NAFTA unlikely to hurt Mexico-U.S. security ties, but election might

MEXICO CITY (Reuters) - Mexico’s threats to weaken U.S. narcotics and migration co-operation if NAFTA dies are pure bluster, Mexican and U.S. officials say, with next year’s election posing a far greater challenge to future collaboration.

FILE PHOTO: A soldier stands guard outside a warehouse where federal agents seized cocaine, according to local media, in Tijuana, Mexico August 10, 2016. REUTERS/Jorge Duenes/File Photo

Mexican officials have threatened to strike back if U.S. President Donald Trump kills the North American Free Trade Agreement (NAFTA), warning they could relax controls on the southern Mexican border crossed by Central American migrants, or scale back collaboration in tackling drug crime.

Privately, however, Mexican officials say there are no plans to dial back complex co-operation that has been increasing in recent years, with post-NAFTA planning focused on measures like diversifying trade.

Mexico regularly receives U.S. help and funding to take down drug bosses, impede migrants, overhaul its justice system and improve its police.

The United States also doubts that NAFTA talks, which began a fifth round in Mexico City on Wednesday, could imperil co-operation, according to one current and one former senior U.S. State Department official.

The bigger U.S. concern, the sources said, is that Andres Manuel Lopez Obrador, the leftist frontrunner for next July’s presidential election, will rip up the relationship if he wins.

“Obviously there is a fear ... that some kind of slowdown (in the relationship) could occur with a transition,” said the current U.S. official, who was unauthorized to speak publicly.

Mexican officials note it makes sense for their country, which is likely to end 2017 with its highest murder tally on recent record, to keep accepting U.S. assistance. Furthermore, Mexico has little appetite for dealing with an endless flow of U.S.-bound migrants.

“It’s in our interests to maintain the current system of co-operation we have for combating drugs,” said Marcela Guerra, a ruling Institutional Revolutionary Party (PRI) senator who heads the Senate’s North America Foreign Relations committee.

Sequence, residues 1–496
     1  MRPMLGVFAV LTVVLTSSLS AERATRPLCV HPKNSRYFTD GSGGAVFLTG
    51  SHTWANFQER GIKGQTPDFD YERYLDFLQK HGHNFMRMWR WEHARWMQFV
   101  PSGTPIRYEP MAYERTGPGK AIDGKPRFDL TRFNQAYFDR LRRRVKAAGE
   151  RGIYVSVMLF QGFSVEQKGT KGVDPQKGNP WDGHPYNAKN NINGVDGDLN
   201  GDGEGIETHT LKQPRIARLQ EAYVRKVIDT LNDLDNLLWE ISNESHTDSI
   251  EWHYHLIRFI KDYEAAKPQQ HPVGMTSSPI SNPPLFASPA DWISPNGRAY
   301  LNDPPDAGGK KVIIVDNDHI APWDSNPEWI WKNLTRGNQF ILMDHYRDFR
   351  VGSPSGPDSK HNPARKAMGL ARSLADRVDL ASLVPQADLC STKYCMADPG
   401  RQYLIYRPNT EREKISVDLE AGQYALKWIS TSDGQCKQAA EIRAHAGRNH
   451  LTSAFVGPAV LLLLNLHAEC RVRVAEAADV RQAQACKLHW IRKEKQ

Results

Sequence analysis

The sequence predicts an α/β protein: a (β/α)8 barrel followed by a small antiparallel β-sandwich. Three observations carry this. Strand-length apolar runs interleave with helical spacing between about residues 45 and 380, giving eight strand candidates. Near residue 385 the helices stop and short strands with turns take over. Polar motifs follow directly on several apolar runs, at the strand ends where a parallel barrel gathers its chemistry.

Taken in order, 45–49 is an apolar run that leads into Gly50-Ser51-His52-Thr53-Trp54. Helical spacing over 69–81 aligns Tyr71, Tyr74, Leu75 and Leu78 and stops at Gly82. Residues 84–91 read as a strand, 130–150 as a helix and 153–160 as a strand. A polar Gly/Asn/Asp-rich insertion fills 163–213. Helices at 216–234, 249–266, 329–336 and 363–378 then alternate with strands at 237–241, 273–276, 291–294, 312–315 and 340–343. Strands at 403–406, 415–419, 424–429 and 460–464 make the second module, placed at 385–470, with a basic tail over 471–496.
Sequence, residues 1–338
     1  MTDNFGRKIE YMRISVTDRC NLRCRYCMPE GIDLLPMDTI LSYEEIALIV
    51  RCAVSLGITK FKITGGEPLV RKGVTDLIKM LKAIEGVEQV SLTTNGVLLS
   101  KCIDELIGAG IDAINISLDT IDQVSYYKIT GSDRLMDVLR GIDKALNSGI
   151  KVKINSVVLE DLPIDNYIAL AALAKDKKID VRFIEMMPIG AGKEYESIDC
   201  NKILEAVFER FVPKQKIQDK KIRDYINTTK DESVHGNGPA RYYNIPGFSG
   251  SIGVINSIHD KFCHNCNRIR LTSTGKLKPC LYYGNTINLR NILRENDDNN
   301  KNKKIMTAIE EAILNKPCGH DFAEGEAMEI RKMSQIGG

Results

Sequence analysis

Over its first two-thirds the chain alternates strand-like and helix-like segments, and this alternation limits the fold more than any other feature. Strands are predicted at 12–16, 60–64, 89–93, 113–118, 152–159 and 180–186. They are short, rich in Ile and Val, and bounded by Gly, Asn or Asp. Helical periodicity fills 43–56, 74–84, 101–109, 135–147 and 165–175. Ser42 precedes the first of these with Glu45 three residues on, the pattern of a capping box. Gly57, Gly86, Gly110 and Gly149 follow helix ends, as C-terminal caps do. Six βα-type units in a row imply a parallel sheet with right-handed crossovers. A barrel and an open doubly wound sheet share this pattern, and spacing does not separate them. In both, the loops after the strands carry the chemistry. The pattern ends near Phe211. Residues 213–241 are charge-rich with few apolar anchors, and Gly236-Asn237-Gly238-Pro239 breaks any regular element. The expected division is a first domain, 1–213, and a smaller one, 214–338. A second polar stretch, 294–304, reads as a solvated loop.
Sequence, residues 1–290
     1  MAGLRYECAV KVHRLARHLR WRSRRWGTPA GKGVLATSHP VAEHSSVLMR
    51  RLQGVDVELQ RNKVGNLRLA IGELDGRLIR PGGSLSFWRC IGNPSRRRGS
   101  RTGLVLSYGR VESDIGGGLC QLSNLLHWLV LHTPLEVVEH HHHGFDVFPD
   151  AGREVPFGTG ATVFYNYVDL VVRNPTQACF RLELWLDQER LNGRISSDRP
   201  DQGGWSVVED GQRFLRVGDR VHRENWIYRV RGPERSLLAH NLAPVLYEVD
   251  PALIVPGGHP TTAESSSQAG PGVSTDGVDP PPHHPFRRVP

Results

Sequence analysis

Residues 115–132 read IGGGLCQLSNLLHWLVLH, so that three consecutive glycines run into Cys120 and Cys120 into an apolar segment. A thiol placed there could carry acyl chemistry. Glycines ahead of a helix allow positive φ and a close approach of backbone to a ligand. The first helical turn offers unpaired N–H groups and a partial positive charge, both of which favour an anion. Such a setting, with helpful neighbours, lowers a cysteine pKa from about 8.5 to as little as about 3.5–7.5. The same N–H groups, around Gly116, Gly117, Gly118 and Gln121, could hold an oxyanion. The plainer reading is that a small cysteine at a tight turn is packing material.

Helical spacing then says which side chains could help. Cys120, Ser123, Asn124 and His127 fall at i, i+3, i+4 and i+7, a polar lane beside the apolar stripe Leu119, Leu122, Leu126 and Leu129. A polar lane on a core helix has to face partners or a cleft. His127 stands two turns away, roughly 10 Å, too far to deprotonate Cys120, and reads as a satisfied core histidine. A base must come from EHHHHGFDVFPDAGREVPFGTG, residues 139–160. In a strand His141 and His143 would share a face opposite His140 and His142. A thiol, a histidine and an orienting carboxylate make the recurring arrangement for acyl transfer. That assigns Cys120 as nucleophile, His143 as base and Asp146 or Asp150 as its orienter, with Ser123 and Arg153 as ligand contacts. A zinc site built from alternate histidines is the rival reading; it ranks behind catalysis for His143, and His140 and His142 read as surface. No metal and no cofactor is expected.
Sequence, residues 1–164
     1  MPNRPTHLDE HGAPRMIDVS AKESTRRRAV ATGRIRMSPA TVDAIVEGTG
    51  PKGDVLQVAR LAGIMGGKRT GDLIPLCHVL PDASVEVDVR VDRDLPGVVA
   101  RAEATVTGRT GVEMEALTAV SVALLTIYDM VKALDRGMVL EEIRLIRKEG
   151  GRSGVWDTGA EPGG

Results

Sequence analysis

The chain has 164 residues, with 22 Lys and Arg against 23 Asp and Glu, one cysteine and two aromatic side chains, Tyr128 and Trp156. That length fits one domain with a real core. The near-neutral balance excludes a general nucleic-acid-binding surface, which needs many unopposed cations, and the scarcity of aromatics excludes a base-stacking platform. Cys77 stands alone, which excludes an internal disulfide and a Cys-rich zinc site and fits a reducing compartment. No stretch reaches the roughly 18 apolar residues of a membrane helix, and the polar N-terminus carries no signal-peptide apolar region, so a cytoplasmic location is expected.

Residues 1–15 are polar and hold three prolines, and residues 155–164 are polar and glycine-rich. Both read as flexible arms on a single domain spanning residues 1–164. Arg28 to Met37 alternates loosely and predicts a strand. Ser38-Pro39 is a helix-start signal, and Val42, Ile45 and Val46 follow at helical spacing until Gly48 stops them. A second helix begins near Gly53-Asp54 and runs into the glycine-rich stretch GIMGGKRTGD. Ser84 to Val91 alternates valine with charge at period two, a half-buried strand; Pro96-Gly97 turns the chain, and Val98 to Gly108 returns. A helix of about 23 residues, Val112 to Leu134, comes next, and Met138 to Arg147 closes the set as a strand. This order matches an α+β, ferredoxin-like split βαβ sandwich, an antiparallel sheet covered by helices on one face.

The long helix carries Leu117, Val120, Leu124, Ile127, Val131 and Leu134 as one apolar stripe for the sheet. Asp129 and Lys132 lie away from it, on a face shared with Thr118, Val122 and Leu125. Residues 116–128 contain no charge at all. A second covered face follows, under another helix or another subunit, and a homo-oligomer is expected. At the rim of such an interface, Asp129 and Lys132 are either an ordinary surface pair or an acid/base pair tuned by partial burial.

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“We won’t change our solid position - that migration needs to be secure and legal - if NAFTA falls,” she added, noting that Mexico would be “shooting itself in the foot” if it relaxed its southern border.

The nationalistic Lopez Obrador and his National Regeneration Movement (MORENA) party lead polls, boosted by anger over the PRI’s inability to tackle rising violence and endemic graft.

Lopez Obrador has long expressed doubts about the nature of U.S.-Mexico security and migration co-operation, using a May op-ed in the Washington Post to urge against efforts “to unleash military force against criminal organizations.”

His strong standing has sparked concerns in Washington.

In April, then-U.S. Secretary of Homeland Security John Kelly agreed with Republican Senator John McCain’s view that “if the election were tomorrow in Mexico, you would probably get a left-wing, anti-American president of Mexico. That can’t be good for America.”


The United States enjoyed good relations with Mexico during the National Action Party (PAN) administration of former conservative President Felipe Calderon. When President Enrique Pena Nieto’s centrist PRI took office in 2012, relations cooled, but have improved, U.S. and Mexican officials say.

The former State official said both the PAN and the PRI were likely to maintain close ties with the United States if either were to win in 2018.

“That leaves only one outlier. So I suppose that gives you a two-out-of-three chance that nothing is going to blow up,” he said.

The U.S. embassy is already in touch with the Lopez Obrador camp, but, the former official said, those talks have so far not resulted in “any definitive resolutions or reassurances in terms specifically of the law enforcement and counter-narcotics relationship.”

A spokesman for Lopez Obrador on security said he was not aware of those discussions. The U.S. embassy in Mexico City did not respond to a request for comment.

In an event alongside Pena Nieto on Monday, Roberta Jacobson, the U.S. ambassador in Mexico, stressed her country stands firm.

“We will continue to support ... the efforts by the Mexican government to tackle shared threats and offer sustainable solutions for our regional security,” she said.

Reporting by Gabriel Stargardter; Editing by Frank Jack Daniel and Rosalba O’Brien